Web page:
Carbon Shuts Down Debit Card Operations In Nigeria

Carbon Shuts Down Debit Card Operations In Nigeria

1 month ago
1 min read

Nigerian fintech company, Carbon, has decided to end its debit card operations in Nigeria, just two years after launching the service.

This decision was announced by Carbon’s co-founder and CEO, Ngozi Dozie, on Wednesday via a Substack post. The post indicated that introducing the debit cards might have been a strategic misstep.

Reasons Behind Carbon’s Shutdown

While Dozie did not specify the reasons for discontinuing the card service, he hinted that the company might have misjudged the market demand. Additionally, the ongoing forex challenges have increased the costs of operating the card service, which are denominated in US dollars.

Dozie wrote, “When I take a step back with the benefit of hindsight (and a card operation bill denominated in USD$), I question why practically all neobanks are pushing cards or even getting into it. Was this the right strategy for ALL of us, or was Carbon just unlucky?”

Founders’ Reflections

Dozie admitted that many fintech founders, including himself, sometimes make decisions without sufficient analysis. He acknowledged that if he had analysed the market more thoroughly, he might not have launched the card service. “If I had done the analysis…and truly evaluated the opportunity, I don’t think I would have been that gung-ho about pushing a strategy to provide consumers with their fifth debit card,” he reflected.

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He advised other fintech startups to critically assess the industry before launching similar products. “Maybe I had a scoop that if we launched a debit card, customers would trust Carbon more,” he mused. “Because, hey—just like those big banks you trust, I have the same bright, shiny card.”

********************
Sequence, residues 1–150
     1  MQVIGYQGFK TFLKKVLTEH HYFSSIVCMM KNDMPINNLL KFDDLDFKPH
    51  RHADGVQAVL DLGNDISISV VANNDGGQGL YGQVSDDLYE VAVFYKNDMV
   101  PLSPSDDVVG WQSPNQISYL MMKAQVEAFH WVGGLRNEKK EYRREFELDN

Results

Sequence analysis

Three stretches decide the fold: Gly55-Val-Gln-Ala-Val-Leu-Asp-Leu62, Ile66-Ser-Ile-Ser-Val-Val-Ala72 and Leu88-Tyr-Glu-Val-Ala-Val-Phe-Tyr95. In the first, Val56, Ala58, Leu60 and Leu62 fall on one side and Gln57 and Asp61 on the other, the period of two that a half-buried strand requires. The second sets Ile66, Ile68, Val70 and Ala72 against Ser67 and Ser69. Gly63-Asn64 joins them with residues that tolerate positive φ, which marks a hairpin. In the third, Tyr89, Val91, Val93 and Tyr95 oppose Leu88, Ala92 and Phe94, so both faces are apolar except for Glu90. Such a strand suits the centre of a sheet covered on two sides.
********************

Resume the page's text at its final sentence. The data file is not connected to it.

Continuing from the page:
Industry Context

Currently, several fintech companies in Nigeria, such as Kuda, Moniepoint, and OPay, offer debit cards to their customers.

Unlike Carbon, which partnered with international card provider, Visa, these companies are using Verve cards, providing them a local advantage amidst the forex challenges.

Initial Launch Goals

When Carbon launched its debit cards in August 2021, it aimed to transition from being Nigeria’s biggest digital lender to a microfinance bank licensed by the Central Bank of Nigeria (CBN). The debit cards were meant to enhance user experience and attract more customers.

At the time, the company stated, “With the debit card, Carbon bank account holders will now be able to spend funds in their accounts via online and offline channels like ATMs and POS machines. More importantly, Carbon is prioritising user experience, a trending issue among customers of financial institutions.”

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Emmanuel Ochayi is a journalist. He is a graduate of the University of Lagos, School of first choice and the nations pride. Emmanuel is keen on exploring writing angles in different areas, including Business, climate change, politics, Education, and others.

Emmanuel Ochayi is a journalist. He is a graduate of the University of Lagos, School of first choice and the nations pride. Emmanuel is keen on exploring writing angles in different areas, including Business, climate change, politics, Education, and others.

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